John DiJulius | Customer Experience Blog


No Problem is Big Problem; OnStar doesn’t help a non-subscriber who locked baby in car
April 11, 2013, 8:16 am
Filed under: Above & Beyond, Customer Experience, Customer Service, Service Aptitude

 

LA restaurant tweets Customer’s names that are no shows – The Beverly Hills restaurant is now publicly shaming people who “no-show” reservations by tweeting and Facebooking the names of offending Customers.  Red Medicine tweeted the full names of people who failed to show for their reservation.

 

“Hi Kyle Anderson (323), I hope you enjoyed your gf’s bday and the flowers that you didn’t bring when you no-showed for your 815 res. Thanks,” snarked one tweet. 

 

Restaurant manager Noah Ellis defended this approach. “Invariably, the *%#holes who decide to no-show, or cancel 20 minutes before their reservation (because one of their friends made a reservation somewhere else) ruin restaurants (as a whole) for the people who make a reservation and do their best to honor it.” Check out the full story. LA restaurant tweets Customer’s names that are no shows

 

Brand Assassination – While it is frustrating to have Customers who “no show” prime appointments and the business loses sales as a result, (i.e. I know this first hand…John Robert’s Spa), shaming your Customers is not the answer.  There are numerous other better approaches, i.e. taking a credit card for a guarantee. 

 

No problem is a Big problem  The biggest street slang terms used in every business today are the responses, “no problem” or “not a problem.”  With all of our consulting clients, we help create their Never & Always list, and 100% of the time, “not a problem” is on the Never list and certainly, “my pleasure,” and “absolutely” are on the Always list as alternatives. Using “certainly” or “my pleasure” is so much more professional than the often heard, “not a problem.”  It elevates the professionalism of your employees’ terminology. It starts establishing a culture of hospitality, where the Customer is first.

 

I recently read a great blog by Joe Schumacker, No problem, Big problem (read the entire short blog) that articulated this really well. 

 

“No Problem” is a problem on two levels. The “No Problem” auto-response places the staff member’s comfort ahead of service to the Customer.  Expanding the auto-response for full meaning, “No Problem” becomes; “You are not creating a problem for me”.  As a Customer I want to feel that my interests are first and foremost in the mind of the staff member, not that I may have inconvenienced a staff member by being a Customer. The second problem with “No Problem” is that it consists of two negative words.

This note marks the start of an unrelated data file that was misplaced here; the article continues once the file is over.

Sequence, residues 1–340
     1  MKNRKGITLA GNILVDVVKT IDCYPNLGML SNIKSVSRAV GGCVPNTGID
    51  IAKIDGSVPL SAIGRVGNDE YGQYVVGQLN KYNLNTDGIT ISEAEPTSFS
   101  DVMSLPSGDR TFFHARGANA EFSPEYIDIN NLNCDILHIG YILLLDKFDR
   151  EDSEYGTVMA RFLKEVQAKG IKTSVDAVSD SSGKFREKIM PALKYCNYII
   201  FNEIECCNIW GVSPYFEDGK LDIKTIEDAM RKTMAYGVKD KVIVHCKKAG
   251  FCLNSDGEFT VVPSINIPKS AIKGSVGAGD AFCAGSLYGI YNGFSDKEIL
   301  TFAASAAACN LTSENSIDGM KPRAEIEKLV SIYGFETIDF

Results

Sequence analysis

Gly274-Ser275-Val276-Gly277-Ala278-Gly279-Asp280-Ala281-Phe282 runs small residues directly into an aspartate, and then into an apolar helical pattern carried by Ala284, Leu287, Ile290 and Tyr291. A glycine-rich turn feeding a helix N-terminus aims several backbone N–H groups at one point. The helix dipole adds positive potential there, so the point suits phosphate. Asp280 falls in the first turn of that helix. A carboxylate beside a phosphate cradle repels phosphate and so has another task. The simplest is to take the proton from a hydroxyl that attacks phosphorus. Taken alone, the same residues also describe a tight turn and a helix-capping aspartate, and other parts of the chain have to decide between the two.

OnStar doesn’t help a non-subscriber who locked baby in car – A Customer had a vehicle with General Motors’ OnStar system that provides emergency and roadside assistance; however, this Customer decided not to continue to subscribe to the service. Then she accidentally locked her purse, car keys, and her infant daughter, in the car. When she contacted OnStar and asked them to help, just this once, because there was a baby in the car, She blogged about the incident:

 

“I then called and tried to get OnStar to assist us but the bastards wouldn’t help because I didn’t have a subscription. Now, I know they have a connection to my car because OnStar was on it when I bought it but they claimed there was nothing they could do.”

 

Swing & Miss – This type of hero opportunity is a world-class Customer service organization’s dream. OnStar had an incredible opportunity to deliver a huge above & beyond opportunity with a potential Customer that I am sure would have been shared all over social media. They need to be able to have this capability both technically and by empowering their front-line employees to capitalize on these moments. 

 

 

 

 The experience is remembered long after the price is forgotten

 

John R. DiJulius III best-selling author, consultant, and keynote speaker, is the President of The DiJulius Group, the leading customer experience consulting firm in the nation. He blogs on customer experience trends and best practices. Learn more about The DiJulius Group or The Secret Service Summit, America’s #1 Customer Service Conference.

Advertisements

2 Comments

John,

When I first read the Onstar story it reminded me of the employee that was not allowed to to perform CPR because of corporate policy. However I took the time to read the blog that it orginiated from and the subsequent followup from Onstar with Vanessa, the mother in the story.

I enjoy reading your Blog and always get a lot out of it, but in this case I think it would only be fair to share the follow up as well.

http://venessalewis.wordpress.com/2013/03/28/onstar-redeems-themselves/

Keep up the great work!

Best regards,

Clay Scanlan
Calico Cottage, Inc.
Manager of Customer Service

Comment by Clay Scanlan

Thanks Clay, I appreciate the follow up. I actually did see the reply from Onstar and i am a big fan of OnStar. That is why in my comments underneath I say OnStar needs to figure out how to be able to do this going forward so they can capitalize and gain new customers as a result

Comment by The DiJulius Group




Comments are closed.



%d bloggers like this: